Robert Murat has received a whopping £550k for the smears, innuendo and general "He's a bit funny so he must've done it" bullshit journalism aimed at him last summer.
Murat suffered from two factors: firstly, he seemed a little unorthodox and he lived with his mum; secondly, he was in the wrong place in the wrong time. Oh and thirdly, so-called journalists behaved in an utterly disgraceful and appallingly unprofessional manner, ratcheting up the smears and accusations despite the fact there was no evidence - other than supposition - to link him with the crime.
Murat's lifestyle came under intense scrutiny, as did his alibi. Where did the papers find all these 'new witnesses' who claimed to see him, except by the over-generous use of the company chequebook? Was there another agenda at work or was it a simple and blinkered whispering campaign against someone who appeared to be socially awkward, just as had happened before with Colin Stagg? Who might have benefited from the attention being aimed at him?
Previously, I had questioned whether Murat would get the same treatment as Kate 'n' Gerry McCann. I still wonder whether Murat would have found anyone to take on his case, had the McCanns not been so successful. I can't deny that I am surprised by today's development.
Expat Robert Murat has settled a claim for damages over allegations in 11 UK newspapers that he was involved in the disappearance of Madeleine McCann.
Eleven newspapers. Eleven. Did a pack mentality develop over the hounding of Murat? Did papers think they were safe, because all the others were doing it and seemingly getting away with it? But how could eleven newspapers get it so wrong? How could they be so wide of the mark when it came to the facts? What the hell happened to create such hysteria?
In their April statement, his lawyers named the Sun, Daily Express, Sunday Express, Daily Star, Daily Mail, London Evening Standard, Metro, Daily Mirror, Sunday Mirror, News of the World and the Scotsman.
Not really too many surprises in there, are there? If you'd asked me to name the eleven without knowing, I think I'd have got 10. We shouldn't forget the reason why Murat was targeted in the first place, either. That, too, came from a member of Her Majesty's Press:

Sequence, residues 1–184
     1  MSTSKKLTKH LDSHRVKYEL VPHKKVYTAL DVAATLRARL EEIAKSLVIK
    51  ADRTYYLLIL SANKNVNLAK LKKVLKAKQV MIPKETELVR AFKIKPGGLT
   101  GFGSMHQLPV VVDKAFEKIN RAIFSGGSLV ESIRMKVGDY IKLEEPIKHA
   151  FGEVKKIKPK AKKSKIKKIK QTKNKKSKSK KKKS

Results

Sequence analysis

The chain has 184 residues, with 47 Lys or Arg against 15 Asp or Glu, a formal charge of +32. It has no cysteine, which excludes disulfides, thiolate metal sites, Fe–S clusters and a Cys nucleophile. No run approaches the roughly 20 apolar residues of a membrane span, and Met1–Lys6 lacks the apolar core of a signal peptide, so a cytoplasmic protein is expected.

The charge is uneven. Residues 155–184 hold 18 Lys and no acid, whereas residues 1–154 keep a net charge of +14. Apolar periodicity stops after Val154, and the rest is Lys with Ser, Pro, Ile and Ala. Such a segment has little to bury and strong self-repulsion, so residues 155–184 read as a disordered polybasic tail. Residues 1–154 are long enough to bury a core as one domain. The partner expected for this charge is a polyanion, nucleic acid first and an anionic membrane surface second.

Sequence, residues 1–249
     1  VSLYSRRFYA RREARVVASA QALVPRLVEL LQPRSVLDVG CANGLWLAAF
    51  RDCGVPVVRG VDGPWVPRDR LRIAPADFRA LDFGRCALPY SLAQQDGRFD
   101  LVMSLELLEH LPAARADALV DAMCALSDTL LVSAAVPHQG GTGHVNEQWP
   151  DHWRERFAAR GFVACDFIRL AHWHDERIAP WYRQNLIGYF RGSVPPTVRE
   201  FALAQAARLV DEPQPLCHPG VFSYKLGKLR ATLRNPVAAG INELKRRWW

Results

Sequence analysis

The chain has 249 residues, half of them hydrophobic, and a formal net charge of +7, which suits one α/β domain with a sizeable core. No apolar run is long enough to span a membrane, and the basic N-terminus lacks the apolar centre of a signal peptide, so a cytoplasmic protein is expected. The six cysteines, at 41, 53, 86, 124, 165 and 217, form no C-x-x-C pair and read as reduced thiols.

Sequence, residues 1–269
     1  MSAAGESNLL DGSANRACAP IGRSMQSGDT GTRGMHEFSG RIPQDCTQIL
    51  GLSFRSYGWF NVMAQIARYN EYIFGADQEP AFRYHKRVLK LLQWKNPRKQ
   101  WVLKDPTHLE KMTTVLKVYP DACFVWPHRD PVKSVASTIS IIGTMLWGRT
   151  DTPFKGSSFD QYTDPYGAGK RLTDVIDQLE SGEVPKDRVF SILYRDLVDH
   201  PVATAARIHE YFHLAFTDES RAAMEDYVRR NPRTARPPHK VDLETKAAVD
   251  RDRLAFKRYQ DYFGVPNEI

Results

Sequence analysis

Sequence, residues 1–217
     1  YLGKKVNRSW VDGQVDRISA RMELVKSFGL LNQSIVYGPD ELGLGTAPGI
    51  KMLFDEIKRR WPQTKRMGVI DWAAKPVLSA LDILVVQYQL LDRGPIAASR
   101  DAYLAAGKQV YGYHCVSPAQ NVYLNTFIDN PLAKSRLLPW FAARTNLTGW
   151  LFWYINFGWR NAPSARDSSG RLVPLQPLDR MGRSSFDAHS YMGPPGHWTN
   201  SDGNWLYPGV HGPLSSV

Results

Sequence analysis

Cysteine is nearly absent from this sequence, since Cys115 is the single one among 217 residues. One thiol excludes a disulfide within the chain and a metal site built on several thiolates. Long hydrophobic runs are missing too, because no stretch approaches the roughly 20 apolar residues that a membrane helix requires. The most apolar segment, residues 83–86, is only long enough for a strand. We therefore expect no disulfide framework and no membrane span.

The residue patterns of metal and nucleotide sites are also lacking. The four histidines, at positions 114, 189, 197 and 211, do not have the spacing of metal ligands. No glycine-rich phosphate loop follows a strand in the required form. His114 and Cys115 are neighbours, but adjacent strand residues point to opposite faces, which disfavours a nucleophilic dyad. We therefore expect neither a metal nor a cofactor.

Police searched the nearby villa where he lived with his mother after Sunday Mirror journalist Lori Campbell spoke to the British Embassy and the police about Mr Murat.
Campbell said Murat reminded her of Ian Huntley. And that was that. That was all it took for a chain of events to unfold that ruined a man's life. If I said Lori Campbell reminded me of Myra Hindley, would that get the rozzers round her gaff and ruining her life? But then she isn't a 'one-eyed oddball' (copyright The Sun), so she can blissfully carry on with her life and award-winning career, perhaps without a single worry about the devastation she's brought to another human being. Such is the life of the modern journalist: be the story; win the prize; forget the consequences.
If there had been any evidence on Murat, fair enough. If there had been any reason to suspect he had been involved, then fine, it would be understandable. But there wasn't. The hyenas circled around his family and friends and former lovers, looking for evidence of sexual strangeness or an unhealthy interest in kids. They found nothing unusual, but with such vast resources aimed at a target, they had to come up with something to keep the story motoring along: whispers, innuendo and suspicion.
And now, the apology and a few grand to say sorry for having implicated a man in child abduction, despite no evidence. Was the McCann apology a turning point? Perhaps it was, then. Perhaps I was wrong. If the likes of Robert Murat can take on Big Press and win, then maybe there's hope; maybe the less well off, the more vulnerable, the unfashionable, the less sympathetic characters, the victims of media bullying can finally get a chance to answer back. This is what libel's all about, after all.
Perhaps the libel playing field is evening out, though I won't be holding my breath: for two disturbing developments show how libel is still being used by the rich and powerful to clamp down on free speech. The first is News International trying to silence Media Lens as the campaign for war in Iran intensifies; the second is Schillings threatening Craig Murray for writing about Tim Spicer's mercenary army.
That a news organisation should use libel to stop free speech is breathtakingly disgraceful and hypocritical. The same news organisation whose newspapers didn't give a shit about the truth when it came to flogging stories about Robert Murat.